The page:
535 Auburn Avenue, ca. 1895. Two-story frame house with Queen Anne elements. House has a rear addition, a hip roof with front-facing gable over a cutaway bay, and one-story full-facade porch with brackets, stick frieze, and a balustrade with missing sections. Asbestos shingles cover weatherboards. House is severely deteriorated with boarded-up windows and some uncovered openings and broken windows. Former home of Charles L. Harper, first black high school principal in Atlanta.
540 Auburn Avenue, ca. 1890. One-story, Vernacular T-plan frame house with complex roof configuration, rear addition, and front-facing cross gable. Front porch has chamfered posts and sawn brackets and trim. Rehabilitated in the early 1980s.
546 Auburn Avenue, ca. 1900. This vernacular gable-front-and-wing house with millwork decoration retains its early additions at the rear. The house has weatherboard siding and a porch with chamfered posts and sawn brackets and trim. Rehabilitated in the early 1980s.
550 Auburn Avenue, ca. 1890. A two-Story, U-plan frame residence with a hip roof and two front-facing gables on either side of a two-story porch. The shingled gable ends are bordered by pent eaves. The house was converted to apartments, and the western portion of the house is apparently an addition. Two-story porch at rear. Rehabilitated in the early 1980s.
29 Boulevard, 1912. Our Lady of Lourdes Catholic Church is a three-story, stone and brick building with a hip roof. It is a plain building with most of the exterior ornamentation associated with the two- and three-part jalousie windows, which replaced the original windows at an unknown date. The church was originally housed in the first floor with the classrooms and auditorium above.
37-39 Boulevard, 1894. Fire Station Number Six is a two-Story, brick Romanesque Revival style building with a shed roof and decorative parapet. A single arched engine bay is flanked by pedestrian entrances, windows and an asymmetrically-placed tower with date panel. Bands of windows, arched on the Boulevard facade, are found at the second level. Elaborate brickwork includes corbels, door and window surrounds, a diaper-patterned frieze, and a machicolated cornice.
53-55 Boulevard, ca. 1905. Hip-roofed double shotgun house with weatherboard siding. Parallel hip-roofed entry porches have turned posts, sawn brackets, and a plain stick balustrade.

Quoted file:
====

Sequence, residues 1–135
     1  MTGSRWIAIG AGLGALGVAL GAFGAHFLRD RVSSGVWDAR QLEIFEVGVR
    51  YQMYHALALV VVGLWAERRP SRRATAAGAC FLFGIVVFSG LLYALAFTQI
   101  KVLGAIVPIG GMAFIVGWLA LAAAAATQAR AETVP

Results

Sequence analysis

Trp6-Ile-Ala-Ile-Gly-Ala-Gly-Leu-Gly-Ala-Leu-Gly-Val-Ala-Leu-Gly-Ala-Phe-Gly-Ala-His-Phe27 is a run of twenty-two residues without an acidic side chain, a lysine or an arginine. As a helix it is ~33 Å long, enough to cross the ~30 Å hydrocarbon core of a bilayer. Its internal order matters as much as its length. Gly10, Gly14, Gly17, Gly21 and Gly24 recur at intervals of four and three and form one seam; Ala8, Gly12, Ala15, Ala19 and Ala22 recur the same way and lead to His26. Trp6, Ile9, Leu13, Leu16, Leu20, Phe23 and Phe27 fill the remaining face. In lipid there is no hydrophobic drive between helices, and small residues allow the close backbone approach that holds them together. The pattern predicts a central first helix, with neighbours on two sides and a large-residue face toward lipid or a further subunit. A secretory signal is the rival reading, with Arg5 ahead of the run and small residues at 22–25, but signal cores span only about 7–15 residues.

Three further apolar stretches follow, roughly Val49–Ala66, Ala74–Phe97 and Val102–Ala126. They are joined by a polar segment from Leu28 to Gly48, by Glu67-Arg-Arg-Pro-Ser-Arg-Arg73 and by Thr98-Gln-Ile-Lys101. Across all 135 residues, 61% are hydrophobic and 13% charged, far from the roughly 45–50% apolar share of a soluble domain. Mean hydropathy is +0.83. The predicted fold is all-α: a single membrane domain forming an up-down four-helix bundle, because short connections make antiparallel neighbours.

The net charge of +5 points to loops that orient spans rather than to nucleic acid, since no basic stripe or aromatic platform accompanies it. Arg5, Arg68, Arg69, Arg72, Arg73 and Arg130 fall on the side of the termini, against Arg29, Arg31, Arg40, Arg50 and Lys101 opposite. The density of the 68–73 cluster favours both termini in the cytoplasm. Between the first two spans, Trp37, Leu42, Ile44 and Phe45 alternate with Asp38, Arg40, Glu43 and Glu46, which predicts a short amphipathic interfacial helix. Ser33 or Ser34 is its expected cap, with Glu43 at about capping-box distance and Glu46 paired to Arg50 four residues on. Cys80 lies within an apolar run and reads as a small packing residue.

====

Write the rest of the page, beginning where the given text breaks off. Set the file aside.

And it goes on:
130 Boulevard, 1920-1923. A two-story, brick industrial building with a shed roof, decorative brick parapet, and brick pilasters. The one-story, two-bay addition to the north matches in both style and building materials.
442 Cain Street, 1929. A one-story, trapezoid-shaped, brick service station with a shed roof, stepped parapet, and skylight. Facade features a single service bay with double, cross-braced doors and a three-bay office.
420 Edgewood Avenue, 1912. A two-story, three-bay, rectangular-shaped commercial building with shed roof and stepped parapet. It is constructed of brick with side and rear segmental arched windows. Decorative elements include corbeled brickwork and a stamped-metal cornice.
421-429 Edgewood Avenue, 1946. A large, one-story commercial building constructed of masonry block and faced with beige brick. It contains four storefronts and has a shed roof and parapet. Decorative brickwork includes headers and stretchers lining display windows and brick panels above each store. Elements of the facade have been altered and the easternmost store is a later addition.
438-442 Edgewood Avenue, 1939. A brick garage with a hemispherical roof and stepped parapet. The three-part facade maintains its original fenestration and the pump island and shelter remain at the front of the lot. A one-story masonry addition of 1946-1953 adjoins the east side of the garage.
439-441 Edgewood Avenue, 1920. A two-story, brick, parallelogram-shaped commercial building with a shed roof and parapet. This duplex contains two storefronts with display windows and recessed entrances. Decorative elements include brick panels, a corbeled cornice and stone corner blocks.